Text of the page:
Tag Archives: books

Behind the Shelfie

‘Certainly for artists of all stripes, the unknown, the idea or the form or the tale that has not yet arrived, is what must be found.  It is the job of artists to open doors and invite in prophesies, the unknown, the unfamiliar; it’s where their work comes from, although its arrival signals the beginning of the long disciplined process of making it their own.  Scientists too, as J. Robert Oppenheimer once remarked, “live always at the ‘edge of mystery’–the boundary of the unknown.”  But they transform the unknown into the known, haul it in like fishermen; artists get you out into that dark sea.’

-recently read inA Field Guide to Getting Lost, by Rebecca Solnit

– – currently in my purse, Elaine Dundy’s The Dud Avocado

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summer reading list

To most book lovers, it’s an old, well-understood song and dance. When in company with one another, one hears the hum of agreement when mentioning the quiet joy of walking through a bookshop. There’s a collective knowledge of the slow pace, the rocking motion of slowly leaning back and tilting forward to see the entire shelf. A recognition of the spark held by a known author or title, or a captivating new title that makes the person perusing to slide the book from the shelf to leave through the pages. For all the convenience of amazon (if one ignores the taxes issues), a free afternoon calls for a mosey through a good bookshop.

But this past winter I bought and read a book that I noticed on a shelf in my boyfriend’s aunt’s house, Susan Hill’s Howard’s End is on the Landing. I think I’ve mentioned this book before, here, but the essence of the plot is that she goes through her house to read all of the books she owns but has not read. This survey of her books and their location within her home leads to a rumination on the books in her life and the memories they call forward. The book’s premise has inspired me to take stock of the books in my flat for new reading material, temporarily abandoning the bookshop.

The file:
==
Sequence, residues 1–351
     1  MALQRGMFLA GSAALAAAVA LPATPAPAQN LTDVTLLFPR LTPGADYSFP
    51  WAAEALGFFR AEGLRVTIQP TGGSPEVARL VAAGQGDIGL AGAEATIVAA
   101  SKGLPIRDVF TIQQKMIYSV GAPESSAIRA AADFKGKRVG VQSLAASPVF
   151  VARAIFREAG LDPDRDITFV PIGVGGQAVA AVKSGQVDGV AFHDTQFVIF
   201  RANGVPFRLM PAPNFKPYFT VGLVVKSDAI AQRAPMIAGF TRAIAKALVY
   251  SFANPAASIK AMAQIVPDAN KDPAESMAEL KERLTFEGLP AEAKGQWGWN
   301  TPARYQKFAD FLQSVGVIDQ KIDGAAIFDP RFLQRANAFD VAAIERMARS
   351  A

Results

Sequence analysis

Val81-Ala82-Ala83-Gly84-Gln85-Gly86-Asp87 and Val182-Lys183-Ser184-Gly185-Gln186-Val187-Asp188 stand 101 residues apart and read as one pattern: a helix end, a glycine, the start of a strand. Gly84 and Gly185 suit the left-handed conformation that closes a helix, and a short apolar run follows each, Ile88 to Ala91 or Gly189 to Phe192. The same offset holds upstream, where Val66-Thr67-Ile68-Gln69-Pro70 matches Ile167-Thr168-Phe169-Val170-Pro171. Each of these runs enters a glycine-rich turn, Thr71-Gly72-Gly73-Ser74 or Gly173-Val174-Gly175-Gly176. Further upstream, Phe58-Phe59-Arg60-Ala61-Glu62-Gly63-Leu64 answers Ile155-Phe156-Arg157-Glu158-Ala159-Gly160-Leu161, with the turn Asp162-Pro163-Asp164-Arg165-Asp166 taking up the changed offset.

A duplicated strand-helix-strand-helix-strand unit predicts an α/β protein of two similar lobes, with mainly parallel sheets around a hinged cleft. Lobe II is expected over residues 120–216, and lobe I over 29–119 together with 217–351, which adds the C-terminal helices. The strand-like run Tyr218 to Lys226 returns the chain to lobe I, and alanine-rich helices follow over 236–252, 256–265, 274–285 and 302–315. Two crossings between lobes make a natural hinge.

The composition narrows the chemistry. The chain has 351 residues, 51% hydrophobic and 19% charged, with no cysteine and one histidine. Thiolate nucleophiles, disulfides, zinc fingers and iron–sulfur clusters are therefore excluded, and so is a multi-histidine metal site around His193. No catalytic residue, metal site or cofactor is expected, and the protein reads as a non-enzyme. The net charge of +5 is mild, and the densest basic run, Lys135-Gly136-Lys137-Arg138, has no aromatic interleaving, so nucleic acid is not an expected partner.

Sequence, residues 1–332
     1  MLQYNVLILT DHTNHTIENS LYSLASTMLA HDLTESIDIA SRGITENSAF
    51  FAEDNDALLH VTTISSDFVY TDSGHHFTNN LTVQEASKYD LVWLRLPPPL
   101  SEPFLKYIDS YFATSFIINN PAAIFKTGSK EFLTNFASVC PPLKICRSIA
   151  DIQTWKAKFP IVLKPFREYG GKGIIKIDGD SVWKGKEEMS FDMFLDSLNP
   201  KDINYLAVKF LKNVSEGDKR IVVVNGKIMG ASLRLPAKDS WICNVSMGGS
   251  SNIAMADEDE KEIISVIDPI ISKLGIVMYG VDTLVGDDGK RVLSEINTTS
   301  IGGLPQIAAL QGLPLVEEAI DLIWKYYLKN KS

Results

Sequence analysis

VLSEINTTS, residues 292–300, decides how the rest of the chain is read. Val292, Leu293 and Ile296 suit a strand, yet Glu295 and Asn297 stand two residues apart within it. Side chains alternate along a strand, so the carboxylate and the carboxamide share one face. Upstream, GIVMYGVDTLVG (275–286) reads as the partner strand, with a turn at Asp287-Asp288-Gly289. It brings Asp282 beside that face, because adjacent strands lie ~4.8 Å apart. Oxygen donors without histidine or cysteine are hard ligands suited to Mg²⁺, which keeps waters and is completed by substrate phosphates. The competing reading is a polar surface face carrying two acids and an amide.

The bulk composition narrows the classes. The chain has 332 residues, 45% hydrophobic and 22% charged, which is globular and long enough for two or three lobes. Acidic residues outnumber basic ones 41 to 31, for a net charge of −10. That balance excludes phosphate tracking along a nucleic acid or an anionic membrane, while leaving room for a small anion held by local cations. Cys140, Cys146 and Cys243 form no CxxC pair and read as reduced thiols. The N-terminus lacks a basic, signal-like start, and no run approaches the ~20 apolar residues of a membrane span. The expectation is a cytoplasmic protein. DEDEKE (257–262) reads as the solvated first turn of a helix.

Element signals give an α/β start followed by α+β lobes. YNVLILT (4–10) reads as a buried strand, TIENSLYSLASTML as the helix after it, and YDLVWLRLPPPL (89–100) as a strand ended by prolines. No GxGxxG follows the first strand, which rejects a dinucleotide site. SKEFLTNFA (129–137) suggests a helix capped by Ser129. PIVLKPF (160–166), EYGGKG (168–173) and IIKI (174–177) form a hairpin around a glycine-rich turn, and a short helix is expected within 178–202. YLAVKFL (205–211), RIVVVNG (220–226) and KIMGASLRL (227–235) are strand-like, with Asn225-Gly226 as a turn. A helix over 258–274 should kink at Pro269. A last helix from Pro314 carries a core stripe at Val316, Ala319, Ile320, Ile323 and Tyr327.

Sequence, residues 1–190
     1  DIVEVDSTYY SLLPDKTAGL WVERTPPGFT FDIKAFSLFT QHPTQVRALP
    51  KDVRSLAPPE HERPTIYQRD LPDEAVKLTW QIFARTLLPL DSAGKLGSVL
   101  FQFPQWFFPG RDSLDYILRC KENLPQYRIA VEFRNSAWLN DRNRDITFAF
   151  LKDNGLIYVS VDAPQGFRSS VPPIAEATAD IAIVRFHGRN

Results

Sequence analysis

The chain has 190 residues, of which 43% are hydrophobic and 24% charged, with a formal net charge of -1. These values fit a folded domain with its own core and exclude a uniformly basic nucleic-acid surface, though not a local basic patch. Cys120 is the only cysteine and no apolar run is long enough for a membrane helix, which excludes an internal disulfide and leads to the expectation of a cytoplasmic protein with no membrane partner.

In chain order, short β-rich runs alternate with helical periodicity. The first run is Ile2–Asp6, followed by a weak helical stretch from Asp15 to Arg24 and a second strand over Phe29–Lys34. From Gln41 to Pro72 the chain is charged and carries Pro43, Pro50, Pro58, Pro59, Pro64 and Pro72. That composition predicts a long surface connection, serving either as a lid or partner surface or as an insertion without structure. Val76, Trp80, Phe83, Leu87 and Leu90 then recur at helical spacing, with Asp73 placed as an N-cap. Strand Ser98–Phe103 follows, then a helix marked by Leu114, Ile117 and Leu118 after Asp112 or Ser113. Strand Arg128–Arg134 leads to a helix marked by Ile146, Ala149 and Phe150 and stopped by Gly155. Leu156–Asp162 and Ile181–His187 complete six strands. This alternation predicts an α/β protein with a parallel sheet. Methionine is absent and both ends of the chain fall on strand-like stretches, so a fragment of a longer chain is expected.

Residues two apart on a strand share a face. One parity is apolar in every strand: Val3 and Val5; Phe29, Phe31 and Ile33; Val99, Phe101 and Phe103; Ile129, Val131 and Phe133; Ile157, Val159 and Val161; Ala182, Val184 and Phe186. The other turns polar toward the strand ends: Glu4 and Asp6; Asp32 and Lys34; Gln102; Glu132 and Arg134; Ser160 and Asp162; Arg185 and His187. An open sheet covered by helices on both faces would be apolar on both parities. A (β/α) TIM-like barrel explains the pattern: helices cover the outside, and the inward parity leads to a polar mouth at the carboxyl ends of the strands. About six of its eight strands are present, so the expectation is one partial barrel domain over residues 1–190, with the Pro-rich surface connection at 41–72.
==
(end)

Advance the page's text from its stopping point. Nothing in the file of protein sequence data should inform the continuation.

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My boyfriend and I moved in together a year ago, which combined our book collections–his collection provides Graham Greene’s The Quiet American and Joseph Heller’s Catch-22. One of my English professors loved Graham Greene. In our modern english literature course we read The End of the Affair, a novel that was difficult for me to process at the time. It was thought-provoking, but I think I wasn’t perhaps ready to read the book at that stage of my life. The writing was excellent, however, so I’m very much looking forward to reading The Quiet American.

I’ve been a bit absent from fiction for a while. There hasn’t been much time to read. But that hasn’t stopped me from taking a spin through a bookshop when I’ve had a few minutes to spare. There used to be a chain bookshop on the way from the library to my boyfriend’s office. If I seemed a bit early to meet him after work, I’d stop in to visit my friends. Which, of course, led to purchasing new potential friends: the often recommended Poisonwood Bible and Oryx and Crake and the potentially baffling Proust and Pessoa. I’ve enough books to get me through the summer at the very least, so this is what I’ll do. Except when Deborah Harkness’ The Book of Life comes out, because a) I’ve already pre-ordered it and b) her books (both fiction and academic) are AMAZING and I’m not going to miss anything for a single second.

Tuesdays at Tea Time

The benefits of going on a vacation are endless, and it’s pointless to list them all here. However, the first and foremost among them is this: free reading time. Books for pleasure are increasingly getting put back on the shelf (pun intended) the older I get. Reading time seems to be eaten up by other things that just seem more pressing . . . I want to read my book but I have all these other books for school . . . I want to read my book but I have to go run errands . . . I want to read my book but I should tidy my flat. All of these are important and necessary things to do INSTEAD of reading for pleasure, it’s true. And that’s probably why I feel so bitter when I end up wasting my day on tumblr.

Anyway, so when a vacation/holiday comes around it’s amazing to just read and read and read (and watch american tv) and read. During my two weeks in America I managed to read 3 books: two novels and a novella.